My two youngest children are not going to school today and yet what they will learn today is a lesson that will last them all their lives. Like tens of thousands of others, they are going out into a forest to plant trees. That simple. That true.
Today is Tu B'Shevat - it is, though you may laugh, the new year of the trees. We have one - we even have more than one if you count the solar year that begins on January 1st and the lunar year that begins each Rosh Hashana holiday. Why shouldn't the trees have one?
The first year I was in Israel, I finally understood what it means - this new year of the tree. On the exact day (and yes, it was a lucky coincidence that it happened that day and not the day before or after) of that first year in Israel, the almond tree blossoms opened for the first time. It doesn't always happen, but that first year it did. Later, I would learn that it depends on where you are - the warmer it is (near the coast, for example), the trees blossom sooner.
But it didn't matter then. The blossoms were opening - ON Tu B'Shevat. That was Israel - the place where the holidays make sense because they are as much about land as they are about seasons. In America, Jewish holidays come and go with the months of the year; in Israel, they come and go with the land. Passover marks the end of winter, the beginning of Spring. Tu B'Shevat is all about the trees.
So my children go into the forests with their friends - and plant more trees. With this they learn that there are never enough trees in Israel - more than 5 million less this year because of the devastating Carmel fires. So we will do what we have done for the last 100 years. Quietly, without politics, with love - we will plant our land.
They also learn that this land is theirs and build a connection that transcends time. Only our people have cared enough to make the land blossom for its sake, for its beauty. It isn't crops we plant, but trees. Each child has heard the story of Honi (you can read it here).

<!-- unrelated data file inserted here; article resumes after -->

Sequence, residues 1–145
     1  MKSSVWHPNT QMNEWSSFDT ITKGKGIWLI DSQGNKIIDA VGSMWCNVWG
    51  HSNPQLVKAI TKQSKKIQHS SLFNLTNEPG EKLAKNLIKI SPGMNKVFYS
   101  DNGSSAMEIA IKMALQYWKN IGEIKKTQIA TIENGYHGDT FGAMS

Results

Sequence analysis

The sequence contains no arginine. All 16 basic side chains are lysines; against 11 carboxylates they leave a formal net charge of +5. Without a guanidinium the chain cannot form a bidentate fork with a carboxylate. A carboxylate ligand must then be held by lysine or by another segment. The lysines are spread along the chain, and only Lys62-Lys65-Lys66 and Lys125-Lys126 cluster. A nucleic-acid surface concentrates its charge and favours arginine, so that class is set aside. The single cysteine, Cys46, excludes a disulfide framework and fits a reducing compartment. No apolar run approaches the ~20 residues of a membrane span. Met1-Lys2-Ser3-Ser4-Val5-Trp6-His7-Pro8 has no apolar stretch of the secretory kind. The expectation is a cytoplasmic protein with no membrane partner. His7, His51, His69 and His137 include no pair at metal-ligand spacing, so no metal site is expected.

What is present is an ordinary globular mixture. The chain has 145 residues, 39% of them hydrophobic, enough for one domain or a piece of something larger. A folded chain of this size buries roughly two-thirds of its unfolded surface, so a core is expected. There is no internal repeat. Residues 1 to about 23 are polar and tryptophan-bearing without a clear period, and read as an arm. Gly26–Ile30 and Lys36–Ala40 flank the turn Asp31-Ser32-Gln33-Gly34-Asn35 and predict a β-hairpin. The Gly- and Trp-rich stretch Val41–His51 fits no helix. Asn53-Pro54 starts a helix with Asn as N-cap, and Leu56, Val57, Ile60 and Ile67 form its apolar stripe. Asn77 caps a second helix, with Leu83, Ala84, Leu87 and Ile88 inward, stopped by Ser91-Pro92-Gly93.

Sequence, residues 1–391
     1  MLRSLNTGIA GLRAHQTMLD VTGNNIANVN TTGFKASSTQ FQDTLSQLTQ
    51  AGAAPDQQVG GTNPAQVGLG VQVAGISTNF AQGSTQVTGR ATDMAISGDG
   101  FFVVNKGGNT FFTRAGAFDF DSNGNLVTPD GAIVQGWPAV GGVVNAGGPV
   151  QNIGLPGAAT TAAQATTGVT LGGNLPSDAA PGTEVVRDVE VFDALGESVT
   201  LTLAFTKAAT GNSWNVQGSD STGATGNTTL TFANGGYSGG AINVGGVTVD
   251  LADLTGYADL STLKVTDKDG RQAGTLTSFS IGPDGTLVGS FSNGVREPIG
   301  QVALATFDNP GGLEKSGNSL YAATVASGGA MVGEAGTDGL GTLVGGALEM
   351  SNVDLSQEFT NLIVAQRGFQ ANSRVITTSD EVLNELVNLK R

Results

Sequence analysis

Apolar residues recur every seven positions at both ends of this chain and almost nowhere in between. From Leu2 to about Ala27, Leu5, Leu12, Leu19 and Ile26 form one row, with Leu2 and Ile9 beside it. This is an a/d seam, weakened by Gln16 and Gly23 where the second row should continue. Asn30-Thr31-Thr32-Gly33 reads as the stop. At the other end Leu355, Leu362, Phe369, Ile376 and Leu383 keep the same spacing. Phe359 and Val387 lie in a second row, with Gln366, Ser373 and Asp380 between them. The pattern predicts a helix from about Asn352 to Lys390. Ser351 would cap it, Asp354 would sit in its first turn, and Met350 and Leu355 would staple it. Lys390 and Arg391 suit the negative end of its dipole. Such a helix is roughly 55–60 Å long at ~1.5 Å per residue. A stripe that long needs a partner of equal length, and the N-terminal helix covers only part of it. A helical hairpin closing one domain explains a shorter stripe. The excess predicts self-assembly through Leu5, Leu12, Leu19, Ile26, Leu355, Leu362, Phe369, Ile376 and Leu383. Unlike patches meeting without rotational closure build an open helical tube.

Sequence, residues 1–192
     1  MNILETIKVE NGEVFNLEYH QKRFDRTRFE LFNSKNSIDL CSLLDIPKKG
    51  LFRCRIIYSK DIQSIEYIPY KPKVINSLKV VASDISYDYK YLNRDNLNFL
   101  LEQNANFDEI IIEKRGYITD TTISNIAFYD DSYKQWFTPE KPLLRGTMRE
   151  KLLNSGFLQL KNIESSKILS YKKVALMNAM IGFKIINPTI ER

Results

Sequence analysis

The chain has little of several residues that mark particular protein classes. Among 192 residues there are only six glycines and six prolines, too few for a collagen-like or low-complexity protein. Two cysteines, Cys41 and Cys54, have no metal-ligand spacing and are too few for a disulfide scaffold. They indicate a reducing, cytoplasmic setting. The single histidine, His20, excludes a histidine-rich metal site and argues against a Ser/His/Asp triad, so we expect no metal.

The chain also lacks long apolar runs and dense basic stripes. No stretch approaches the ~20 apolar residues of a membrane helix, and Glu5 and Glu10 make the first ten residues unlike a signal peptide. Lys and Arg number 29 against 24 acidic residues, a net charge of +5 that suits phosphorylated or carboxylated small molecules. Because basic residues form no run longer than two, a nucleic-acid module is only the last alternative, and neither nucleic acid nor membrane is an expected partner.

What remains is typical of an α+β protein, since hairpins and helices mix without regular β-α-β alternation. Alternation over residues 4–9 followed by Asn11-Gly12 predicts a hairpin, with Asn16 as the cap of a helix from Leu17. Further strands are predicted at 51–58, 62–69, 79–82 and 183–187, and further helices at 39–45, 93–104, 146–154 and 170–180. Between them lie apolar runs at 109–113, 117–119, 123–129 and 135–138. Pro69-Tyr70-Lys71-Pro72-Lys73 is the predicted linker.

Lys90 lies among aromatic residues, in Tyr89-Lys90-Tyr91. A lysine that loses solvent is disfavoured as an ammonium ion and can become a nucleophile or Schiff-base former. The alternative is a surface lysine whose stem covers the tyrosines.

In short, Honi comes across an old man planting a carob tree. He asks the man why he is planting something that takes 70 years to grow, something that he will never see. The man explains that as his grandfather planted one for him, he plants now for his grandson to see some day.
And lest this story venture too far from my sons, the soldiers, let me tell you a quick story. It's cold where my children are going. They will be planting south of Jerusalem, in an area known as Gush Etzion - a special, beautiful place of great historic and national importance, a symbol of our fight to live here.
Last week, my youngest son joined in an overnight march to remember 35 brave men who were ambushed and murdered. It is the story of the Lamed-Heigh...I'll tell that one next...as I should have last week. It is geographically located south of Jerusalem and at a higher level. It will snow there before it will snow in Jerusalem, the nights slightly colder.
My daughter is taking two sweaters and a warm shirt and I hope she will be warm enough. Davidi wanted to just go with a shirt and sweatshirt and I was complaining that he needed to take another jacket.
Elie stopped me explaining that his younger sister would just whine and complain, but if Davidi was cold, he'd just be quiet and be cold. It was, for both of them, a good moment, a show of confidence. Davidi towers over me now. He's so tall - just coming up to Elie's height, having passed both his father and Shmulik already. At just 15, there's probably a good chance he'll be the tallest in the family. He's beautiful and strong and I have to stop thinking of him as my baby.
He packed his own food, pushed aside my wanting to make sure he had enough for the day. Already the baby is gone, the man on the horizon. I don't want to meet the man so soon. I'm not ready. It's enough that I had to let Elie grow up, and Amira and Shmulik. Davidi too? He is the first of my children born in Israel, the first gift of this land.
The sun is shining here. There isn't a cloud in the sky. How I wish I could be going with them to plant, to touch this land, to tell it softly, as I have in the past, how special it is to be here. So, I will end where I started, with the wonderful knowledge that my two youngest children are not going to school today and yet what they will learn today is a lesson that will last them all their lives.